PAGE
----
I can drive. I like driving. I can’t wait for the day I get to own my first car. Yes, I’m 32 and I’ve never owned a car. But I’ve driven all over the world in rental cars and borrowed cars since 1998, and I loved it.
I can’t parallel park. I don’t like parallel parking. I successfully did it to pass my behind-the-wheels driving exam in Belgium, and then managed to never do it again. Who needs parallel parking? I don’t.
But if I ever want an American driver’s license, I’m going to have to be able to do it again. Because they won’t allow me to simply swap my Dutch license in for an American one.
What? Why not? I got my Dutch one by simply handing in my Belgian one… But in America they’re going to make me take the written exam and behind-the-wheels driving exam before they’ll give me a California driver’s license. Damn.
I don’t really need one right now, since my Dutch one is valid till the end of 2016, and I’ve had no problem renting a car with it in America. But what if I ever need an American license? This may be my last time in Europe before that happens. And they have those nice traffic squares in Belgium where you can practice those pesky car maneuvers in peace.
So last week Guido and I drove to Belgium and found the traffic square I used to practice on as a teenager. Guido took on the role of teacher and assistant and together , after a few slight panic attacks and general freak-outs, we got me parallel parked!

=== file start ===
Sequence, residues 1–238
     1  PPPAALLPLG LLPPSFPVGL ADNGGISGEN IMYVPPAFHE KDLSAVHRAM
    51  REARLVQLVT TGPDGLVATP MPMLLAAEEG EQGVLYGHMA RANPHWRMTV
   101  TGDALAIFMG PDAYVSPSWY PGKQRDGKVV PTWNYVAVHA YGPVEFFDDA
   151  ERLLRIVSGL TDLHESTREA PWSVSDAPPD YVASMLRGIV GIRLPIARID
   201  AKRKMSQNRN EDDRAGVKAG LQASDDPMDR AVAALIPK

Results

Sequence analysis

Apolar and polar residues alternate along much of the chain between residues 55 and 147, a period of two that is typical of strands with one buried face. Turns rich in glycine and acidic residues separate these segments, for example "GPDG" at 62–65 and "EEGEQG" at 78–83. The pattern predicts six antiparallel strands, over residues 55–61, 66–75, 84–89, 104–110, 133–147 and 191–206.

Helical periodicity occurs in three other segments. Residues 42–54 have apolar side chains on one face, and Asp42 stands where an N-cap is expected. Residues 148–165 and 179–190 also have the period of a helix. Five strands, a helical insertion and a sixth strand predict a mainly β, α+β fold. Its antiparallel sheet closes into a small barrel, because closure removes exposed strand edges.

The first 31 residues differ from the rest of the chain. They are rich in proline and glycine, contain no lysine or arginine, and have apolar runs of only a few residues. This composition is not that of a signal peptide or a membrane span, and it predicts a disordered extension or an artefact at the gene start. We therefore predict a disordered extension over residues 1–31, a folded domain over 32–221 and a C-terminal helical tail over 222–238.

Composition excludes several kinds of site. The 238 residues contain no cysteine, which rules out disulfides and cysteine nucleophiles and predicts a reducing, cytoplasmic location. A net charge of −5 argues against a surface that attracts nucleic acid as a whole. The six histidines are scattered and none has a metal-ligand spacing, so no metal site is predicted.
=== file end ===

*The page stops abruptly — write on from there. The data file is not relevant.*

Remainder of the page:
As you can see in the picture, the traffic square doesn’t provide real cars to park in between. After a while I had gotten pretty good at parking in between those high steel fence barriers, but doing it on a real street with other cars waiting impatiently behind me still made me extremely nervous. I tried on a few occasions that day in Belgium, but the giggling onlookers or the high volume of traffic just send me into a cold sweat and made me give up.
Today we tried again, in the Netherlands. Guido knew some quiet neighborhoods where I could practice. It was already dark so I have no picture to prove it, but I did it! Again, and again, and again, and a few more times.
People were nervously peeping out of their windows, wondering what the heck was going on. In the Netherlands, you’re not allowed to practice driving on your own, without an official driving school car and instructor, like you can in Belgium and America. I wondered if anyone was going to call the cops, which would have been funny, since I actually have a Dutch license so it was totally okay for me to practice parallel parking, over and over again. Weird, but legal.
No cops came and I took my parallel parking teacher out for some Döner Kebab. He deserved it, after being brave enough to let me practice in his car and being so patient with this parallel-parking-phobic. I just hope I remember how to parallel park when that American exam comes around. I may just freak out all over again.